Our Approach and What to Expect
Our therapists are trained in EMDR, a technique that has been extensively researched and proven effective for the treatment of trauma. EMDR therapy is designed to resolve unprocessed traumatic memories in the brain by helping the client’s brain to resume its natural healing process.
During the therapy session, the therapist will move his or her fingers back and forth in front of your face and ask you to follow these hand motions with your eyes. At the same time, the EMDR therapist will have you recall a disturbing event. This will include the emotions and body sensations that go along with it. Gradually, the therapist will guide you to shift your thoughts to more pleasant ones. Some therapists use alternatives to finger movements, such as hand or toe tapping or musical tones.
Who Can Benefit from EMDR Therapy?
EMDR therapy is beneficial for individuals who have experienced severe traumatic events in their lives, such as physical or sexual assault, war, disasters, or the sudden loss of a loved one. It’s also effective in treating symptoms of post-traumatic stress disorder (PTSD), anxiety, depression, and panic disorders.
Contact the MindSol Wellness Center for EMDR Therapy
If you have any questions about the services we provide, we are happy to discuss your unique needs. Simply fill out our contact form or give us a ring at (941) 256-3725. Let’s talk about how we can help!
What Is EMDR Therapy and How Does It Work?
EMDR is a psychotherapy approach that helps individuals process traumatic memories.
It involves bilateral stimulation to aid the brain in reorganizing distressing experiences, reducing their emotional impact.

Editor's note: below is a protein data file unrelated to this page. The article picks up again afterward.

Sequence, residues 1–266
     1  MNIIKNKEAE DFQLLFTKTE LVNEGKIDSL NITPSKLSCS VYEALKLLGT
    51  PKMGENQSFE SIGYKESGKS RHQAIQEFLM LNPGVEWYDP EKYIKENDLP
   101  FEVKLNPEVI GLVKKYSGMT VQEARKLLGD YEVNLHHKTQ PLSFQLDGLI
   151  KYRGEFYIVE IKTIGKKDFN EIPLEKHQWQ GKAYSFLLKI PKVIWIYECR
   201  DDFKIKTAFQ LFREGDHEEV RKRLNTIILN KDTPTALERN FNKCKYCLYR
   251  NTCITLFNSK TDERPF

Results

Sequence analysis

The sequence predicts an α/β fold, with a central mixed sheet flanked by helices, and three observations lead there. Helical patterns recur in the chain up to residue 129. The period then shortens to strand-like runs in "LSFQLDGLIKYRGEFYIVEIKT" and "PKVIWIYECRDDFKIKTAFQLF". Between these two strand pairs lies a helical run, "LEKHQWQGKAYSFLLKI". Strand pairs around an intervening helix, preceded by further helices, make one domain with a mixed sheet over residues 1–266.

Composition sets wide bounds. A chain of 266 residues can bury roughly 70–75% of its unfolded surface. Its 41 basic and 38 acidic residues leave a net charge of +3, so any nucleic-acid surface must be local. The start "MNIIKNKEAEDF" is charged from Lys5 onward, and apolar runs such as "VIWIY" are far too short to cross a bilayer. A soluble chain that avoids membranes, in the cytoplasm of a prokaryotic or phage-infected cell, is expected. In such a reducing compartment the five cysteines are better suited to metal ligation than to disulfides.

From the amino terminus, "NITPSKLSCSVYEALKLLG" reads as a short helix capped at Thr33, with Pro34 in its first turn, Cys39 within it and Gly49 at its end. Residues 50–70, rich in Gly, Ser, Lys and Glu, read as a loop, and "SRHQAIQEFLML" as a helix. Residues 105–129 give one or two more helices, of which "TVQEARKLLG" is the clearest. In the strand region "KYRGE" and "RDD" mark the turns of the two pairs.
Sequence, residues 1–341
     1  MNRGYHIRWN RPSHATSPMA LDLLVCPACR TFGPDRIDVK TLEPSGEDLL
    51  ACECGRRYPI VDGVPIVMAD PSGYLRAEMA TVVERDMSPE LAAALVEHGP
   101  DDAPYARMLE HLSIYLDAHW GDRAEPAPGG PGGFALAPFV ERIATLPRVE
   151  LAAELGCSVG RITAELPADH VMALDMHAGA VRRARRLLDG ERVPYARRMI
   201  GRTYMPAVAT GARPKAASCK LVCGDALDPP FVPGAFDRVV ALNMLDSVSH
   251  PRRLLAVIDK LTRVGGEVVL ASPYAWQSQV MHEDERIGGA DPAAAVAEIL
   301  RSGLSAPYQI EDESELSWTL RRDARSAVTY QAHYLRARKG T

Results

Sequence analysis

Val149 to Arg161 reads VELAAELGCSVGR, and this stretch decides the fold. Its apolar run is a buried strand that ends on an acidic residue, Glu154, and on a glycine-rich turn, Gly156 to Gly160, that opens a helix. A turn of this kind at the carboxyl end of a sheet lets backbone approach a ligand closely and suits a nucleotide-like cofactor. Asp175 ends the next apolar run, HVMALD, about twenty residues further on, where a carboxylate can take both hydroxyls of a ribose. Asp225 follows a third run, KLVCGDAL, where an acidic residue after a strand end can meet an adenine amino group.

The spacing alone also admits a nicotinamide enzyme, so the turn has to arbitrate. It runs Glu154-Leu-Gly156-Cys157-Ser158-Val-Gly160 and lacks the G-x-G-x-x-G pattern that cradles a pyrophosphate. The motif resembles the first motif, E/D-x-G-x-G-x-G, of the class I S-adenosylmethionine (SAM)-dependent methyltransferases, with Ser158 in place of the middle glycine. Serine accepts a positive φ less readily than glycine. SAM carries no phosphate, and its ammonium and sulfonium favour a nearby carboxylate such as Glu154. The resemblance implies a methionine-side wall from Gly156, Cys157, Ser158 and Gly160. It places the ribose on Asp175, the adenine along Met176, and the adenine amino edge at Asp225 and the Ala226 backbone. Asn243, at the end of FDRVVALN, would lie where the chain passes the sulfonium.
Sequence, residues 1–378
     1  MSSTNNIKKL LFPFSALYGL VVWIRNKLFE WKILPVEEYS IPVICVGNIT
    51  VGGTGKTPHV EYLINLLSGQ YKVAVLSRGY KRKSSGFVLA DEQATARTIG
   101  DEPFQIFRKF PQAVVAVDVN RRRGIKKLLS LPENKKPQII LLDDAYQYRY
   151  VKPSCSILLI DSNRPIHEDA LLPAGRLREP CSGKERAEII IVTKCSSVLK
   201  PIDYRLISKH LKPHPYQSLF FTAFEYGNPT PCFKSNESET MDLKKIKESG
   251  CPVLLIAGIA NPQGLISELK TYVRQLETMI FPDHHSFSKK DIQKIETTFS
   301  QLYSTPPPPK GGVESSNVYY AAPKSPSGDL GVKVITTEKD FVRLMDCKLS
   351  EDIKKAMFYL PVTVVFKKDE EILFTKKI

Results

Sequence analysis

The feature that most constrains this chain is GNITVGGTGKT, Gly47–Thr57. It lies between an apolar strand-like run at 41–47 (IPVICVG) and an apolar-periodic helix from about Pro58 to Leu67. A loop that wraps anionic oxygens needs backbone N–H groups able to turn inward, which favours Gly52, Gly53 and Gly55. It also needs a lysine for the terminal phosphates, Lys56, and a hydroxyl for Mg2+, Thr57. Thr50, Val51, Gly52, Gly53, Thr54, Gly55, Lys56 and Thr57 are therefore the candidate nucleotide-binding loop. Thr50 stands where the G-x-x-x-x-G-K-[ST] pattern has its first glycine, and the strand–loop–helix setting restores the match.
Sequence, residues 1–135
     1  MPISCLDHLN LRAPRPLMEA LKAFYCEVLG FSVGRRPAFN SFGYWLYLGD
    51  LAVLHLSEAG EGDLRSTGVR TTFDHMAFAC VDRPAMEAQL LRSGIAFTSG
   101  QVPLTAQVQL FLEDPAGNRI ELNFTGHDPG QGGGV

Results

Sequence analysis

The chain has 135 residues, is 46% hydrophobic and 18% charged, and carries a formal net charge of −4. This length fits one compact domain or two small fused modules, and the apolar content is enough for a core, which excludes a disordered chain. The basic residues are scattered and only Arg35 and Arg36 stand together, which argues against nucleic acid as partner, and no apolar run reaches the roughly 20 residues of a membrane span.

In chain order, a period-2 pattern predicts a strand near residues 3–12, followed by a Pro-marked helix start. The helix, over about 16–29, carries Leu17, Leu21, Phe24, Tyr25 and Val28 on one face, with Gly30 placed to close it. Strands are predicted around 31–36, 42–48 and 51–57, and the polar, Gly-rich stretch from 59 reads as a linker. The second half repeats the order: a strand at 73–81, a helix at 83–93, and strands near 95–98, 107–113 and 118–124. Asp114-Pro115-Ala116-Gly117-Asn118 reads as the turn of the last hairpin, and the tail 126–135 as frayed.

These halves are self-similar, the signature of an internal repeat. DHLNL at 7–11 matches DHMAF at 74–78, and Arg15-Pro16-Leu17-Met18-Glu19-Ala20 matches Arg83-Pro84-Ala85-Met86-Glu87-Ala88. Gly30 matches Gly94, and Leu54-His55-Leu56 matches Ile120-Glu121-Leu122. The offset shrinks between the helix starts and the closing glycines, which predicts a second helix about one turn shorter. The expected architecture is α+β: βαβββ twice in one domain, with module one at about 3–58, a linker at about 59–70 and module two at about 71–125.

What Disorder is EMDR Most Commonly Used to Treat?
EMDR (Eye Movement Desensitization and Reprocessing) is commonly used to treat post-traumatic stress disorder (PTSD). It’s highly effective in helping individuals process and heal from traumatic experiences.
Does EMDR Work for Anxiety?
Yes, EMDR can be effective for various anxiety-related conditions, especially when rooted in traumatic experiences. It helps individuals reprocess distressing memories, reducing associated anxiety.
Exercises for EMDR
EMDR involves bilateral stimulation, often through side-to-side eye movements. Exercises include following the therapist’s finger with your eyes or using tapping or auditory cues to stimulate both sides of the brain.
What Are the 8 Steps of EMDR?
The eight phases of EMDR involve:
- Treatment planning
- Body scan
These steps guide individuals through the process of reprocessing traumatic memories.
What ACTUALLY Happens at EMDR Therapy?
During EMDR, you revisit distressing memories while engaging in bilateral stimulation.
This helps reprocess traumatic experiences, making them less emotionally charged. It’s like helping your brain reorganize these memories for a healthier perspective.
Risks You Should Know
EMDR is generally considered safe, but some individuals may experience emotional distress during or after sessions.
A qualified therapist helps manage these reactions and ensures proper support throughout the process.
What Is the Job of EMDR Therapists?
EMDR therapists guide individuals through the process of reprocessing traumatic memories. They create a safe space, provide support, and use specific techniques to help clients navigate and heal from past traumas.
What Does EMDR Stand For?
EMDR stands for Eye Movement Desensitization and Reprocessing, reflecting the therapy’s focus on bilateral stimulation to desensitize and reprocess traumatic memories.
Who Can Benefit from EMDR Therapy?
EMDR is beneficial for individuals dealing with PTSD, trauma, anxiety, and other related conditions. It’s suitable for people of various ages and backgrounds who have experienced distressing events.
How to Find a Good EMDR Therapist?
To find a qualified EMDR therapist, seek recommendations from mental health professionals, check online directories, and ensure the therapist is licensed and certified in EMDR.
Look for someone experienced in treating your specific concerns and who makes you feel comfortable and understood.